ISSN 0439-755X
CN 11-1911/B

Acta Psychologica Sinica ›› 2018, Vol. 50 ›› Issue (9): 940-952.doi: 10.3724/SP.J.1041.2018.00940

• Reports of Empirical Studies • Previous Articles     Next Articles

Effects of nicotine on implicit and explicit memory

Jingyuan LIN1,2,Wuji LIN1,Yingfang MENG1()   

  1. 1 School of Psychology, Fujian Normal University, Fuzhou 350117, China
    2 College of Tourism, Huaqiao University, Quanzhou 362021, China
  • Received:2017-10-12 Published:2018-09-15 Online:2018-07-27
  • Supported by:


Studies have shown that choline is a substance that is closely related to memory. Previous studies focused on the effect of cholinergic drugs on explicit memory, and those results revealed that explicit memory is sensitive to most cholinergic drugs. However, relatively few studies have discussed the effect of cholinergic drugs on implicit memory. Furthermore, whether the effect of cholinergic drugs on implicit memory is consistent with explicit memory is still uncertain.
The effect of cholinergic drugs on memory was investigated by drawing a comparison between the participants with nicotine condition and those without. We used lexical decision and lexical recognition tasks to test implicit and explicit memory, respectively. In experiment 1, 30 subjects participated in two occasions, 2 days apart. They participated once in memory tasks after receiving 12 mg/ml body weight of nicotine and once after receiving 0 mg/ml placebo. Experiment 2 examined whether receiving treatment before encoding or before the retrieval phase would moderate the cholinergic effect in explicit and implicit memory. In experiment 2, 19 subjects participated in two experimental occasions, 2 days apart, as follows: after receiving 12 mg/ml body weight of nicotine before the encoding phase; after receiving nicotine before the retrieval phase. In addition, we adopted event-related potential (ERP) technology to observe the affected ERPs. Participants were instructed to response to corresponding items by pressing keyboard. The Reaction Time and Accuracy data on retrieval phase of the two memory tasks were recorded and analyzed.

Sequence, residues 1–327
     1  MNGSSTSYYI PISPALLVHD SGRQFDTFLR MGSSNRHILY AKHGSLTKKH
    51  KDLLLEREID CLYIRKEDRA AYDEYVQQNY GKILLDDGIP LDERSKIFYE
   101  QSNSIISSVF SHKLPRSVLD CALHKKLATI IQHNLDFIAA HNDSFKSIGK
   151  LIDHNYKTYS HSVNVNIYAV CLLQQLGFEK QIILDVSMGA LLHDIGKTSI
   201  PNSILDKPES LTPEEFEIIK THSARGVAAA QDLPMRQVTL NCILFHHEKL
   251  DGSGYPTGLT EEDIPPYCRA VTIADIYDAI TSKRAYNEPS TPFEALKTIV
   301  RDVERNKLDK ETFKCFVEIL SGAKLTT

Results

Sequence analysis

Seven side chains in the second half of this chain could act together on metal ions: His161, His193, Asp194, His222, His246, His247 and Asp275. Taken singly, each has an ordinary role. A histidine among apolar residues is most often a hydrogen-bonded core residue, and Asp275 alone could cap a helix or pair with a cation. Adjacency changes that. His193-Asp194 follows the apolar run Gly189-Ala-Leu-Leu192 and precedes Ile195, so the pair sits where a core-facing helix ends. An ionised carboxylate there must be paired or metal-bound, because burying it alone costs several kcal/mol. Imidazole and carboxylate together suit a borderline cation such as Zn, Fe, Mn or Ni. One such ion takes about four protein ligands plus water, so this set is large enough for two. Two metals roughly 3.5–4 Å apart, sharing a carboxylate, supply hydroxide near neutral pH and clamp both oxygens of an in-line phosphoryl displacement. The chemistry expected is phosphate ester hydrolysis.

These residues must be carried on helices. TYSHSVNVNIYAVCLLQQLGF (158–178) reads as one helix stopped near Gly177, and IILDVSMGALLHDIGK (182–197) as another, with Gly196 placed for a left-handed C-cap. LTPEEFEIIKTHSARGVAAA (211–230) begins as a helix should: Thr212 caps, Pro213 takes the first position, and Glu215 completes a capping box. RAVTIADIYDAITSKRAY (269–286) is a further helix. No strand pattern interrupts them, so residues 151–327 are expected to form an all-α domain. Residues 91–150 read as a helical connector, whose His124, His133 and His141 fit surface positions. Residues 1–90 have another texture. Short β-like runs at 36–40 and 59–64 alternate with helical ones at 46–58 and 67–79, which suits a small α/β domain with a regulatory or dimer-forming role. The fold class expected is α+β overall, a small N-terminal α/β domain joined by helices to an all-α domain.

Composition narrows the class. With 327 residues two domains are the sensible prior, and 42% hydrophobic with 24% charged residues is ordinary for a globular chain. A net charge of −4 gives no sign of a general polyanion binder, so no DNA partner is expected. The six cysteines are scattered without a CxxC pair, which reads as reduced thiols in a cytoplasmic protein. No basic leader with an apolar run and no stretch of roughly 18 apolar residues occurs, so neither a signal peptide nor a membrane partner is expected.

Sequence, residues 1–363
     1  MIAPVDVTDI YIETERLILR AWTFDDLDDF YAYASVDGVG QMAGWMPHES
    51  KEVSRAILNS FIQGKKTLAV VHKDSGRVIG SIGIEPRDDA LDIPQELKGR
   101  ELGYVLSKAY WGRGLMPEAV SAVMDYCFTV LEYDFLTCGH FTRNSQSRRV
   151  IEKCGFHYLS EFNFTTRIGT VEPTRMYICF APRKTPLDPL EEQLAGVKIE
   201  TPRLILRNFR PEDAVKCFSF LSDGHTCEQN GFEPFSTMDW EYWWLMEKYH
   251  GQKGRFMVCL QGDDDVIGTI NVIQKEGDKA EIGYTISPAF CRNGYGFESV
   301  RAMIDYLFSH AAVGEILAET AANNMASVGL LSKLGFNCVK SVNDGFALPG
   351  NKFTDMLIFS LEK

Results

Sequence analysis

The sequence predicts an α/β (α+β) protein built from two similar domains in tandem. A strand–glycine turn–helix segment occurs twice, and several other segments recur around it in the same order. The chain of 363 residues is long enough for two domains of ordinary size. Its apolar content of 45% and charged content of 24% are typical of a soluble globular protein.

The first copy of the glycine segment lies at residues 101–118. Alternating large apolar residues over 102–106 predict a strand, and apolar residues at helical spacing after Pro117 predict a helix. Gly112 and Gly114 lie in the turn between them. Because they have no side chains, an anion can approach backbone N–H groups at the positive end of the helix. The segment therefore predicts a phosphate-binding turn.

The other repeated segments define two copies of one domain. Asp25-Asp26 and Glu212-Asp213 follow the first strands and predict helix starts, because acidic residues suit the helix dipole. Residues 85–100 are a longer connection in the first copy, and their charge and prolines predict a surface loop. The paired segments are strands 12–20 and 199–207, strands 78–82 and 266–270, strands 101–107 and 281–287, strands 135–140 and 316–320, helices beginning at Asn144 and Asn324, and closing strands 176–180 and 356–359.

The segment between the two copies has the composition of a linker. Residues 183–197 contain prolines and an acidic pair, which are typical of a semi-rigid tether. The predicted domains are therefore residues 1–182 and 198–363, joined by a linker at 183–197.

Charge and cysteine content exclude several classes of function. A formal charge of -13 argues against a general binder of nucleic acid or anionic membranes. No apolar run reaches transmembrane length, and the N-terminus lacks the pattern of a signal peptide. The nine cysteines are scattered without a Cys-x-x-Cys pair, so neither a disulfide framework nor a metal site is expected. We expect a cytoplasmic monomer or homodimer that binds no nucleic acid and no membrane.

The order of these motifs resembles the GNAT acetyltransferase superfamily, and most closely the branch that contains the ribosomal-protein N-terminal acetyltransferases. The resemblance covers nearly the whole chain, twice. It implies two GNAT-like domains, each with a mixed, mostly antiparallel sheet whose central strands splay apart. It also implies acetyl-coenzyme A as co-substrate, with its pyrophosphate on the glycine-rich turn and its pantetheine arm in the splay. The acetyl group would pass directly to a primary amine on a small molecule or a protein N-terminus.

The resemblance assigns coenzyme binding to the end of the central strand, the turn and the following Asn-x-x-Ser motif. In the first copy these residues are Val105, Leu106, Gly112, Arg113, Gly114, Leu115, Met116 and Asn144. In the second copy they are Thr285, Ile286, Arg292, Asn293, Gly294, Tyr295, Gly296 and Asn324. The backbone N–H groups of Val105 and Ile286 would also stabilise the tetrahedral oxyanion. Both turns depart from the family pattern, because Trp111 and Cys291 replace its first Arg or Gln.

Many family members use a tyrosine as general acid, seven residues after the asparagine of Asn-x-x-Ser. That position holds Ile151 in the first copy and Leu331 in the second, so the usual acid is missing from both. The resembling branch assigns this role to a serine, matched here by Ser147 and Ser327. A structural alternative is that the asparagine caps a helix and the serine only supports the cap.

Implicit and explicit memory performance declined under nicotine condition in both experiments. It reflected that receiving nicotine not only impacted explicit memory but also implicit memory. Furthermore, nicotine effects are moderated by the level of processing at the encoding phase. Such impact only occurred on the deep processing level. Moreover, memory retrieval after receiving nicotine was affected. These effects were more remarkable on implicit memory retrieval than on explicit memory. The results of ERP data also showed that related ERPs of memory were affected by nicotine.
In conclusion, results from the current study revealed that effects of cholinergic drugs were similar on implicit and explicit memory. The rest of the segregated results might have been due to the discrepancy of memory tasks rather than the differences in physiological mechanisms of the two memory types. Implicit memory and explicit memory might not belong to two extremely independent memory systems, because there are some covariant effects existing between them.

Key words: nicotine, implicit memory, explicit memory, processing level

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